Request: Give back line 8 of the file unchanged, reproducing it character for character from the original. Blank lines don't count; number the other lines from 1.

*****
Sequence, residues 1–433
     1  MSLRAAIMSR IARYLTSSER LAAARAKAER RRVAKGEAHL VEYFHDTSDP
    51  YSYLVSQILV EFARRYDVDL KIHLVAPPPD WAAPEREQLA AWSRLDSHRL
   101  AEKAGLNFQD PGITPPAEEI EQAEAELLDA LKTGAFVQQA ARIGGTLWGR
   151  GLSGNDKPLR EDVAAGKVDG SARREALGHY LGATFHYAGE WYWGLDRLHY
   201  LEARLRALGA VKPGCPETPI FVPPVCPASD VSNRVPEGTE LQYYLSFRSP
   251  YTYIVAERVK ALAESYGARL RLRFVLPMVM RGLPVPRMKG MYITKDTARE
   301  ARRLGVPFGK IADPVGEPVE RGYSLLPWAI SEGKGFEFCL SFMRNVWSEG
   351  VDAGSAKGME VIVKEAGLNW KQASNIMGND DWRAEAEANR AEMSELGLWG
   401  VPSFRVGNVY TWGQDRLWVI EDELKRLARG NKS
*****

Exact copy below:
   301  ARRLGVPFGK IADPVGEPVE RGYSLLPWAI SEGKGFEFCL SFMRNVWSEG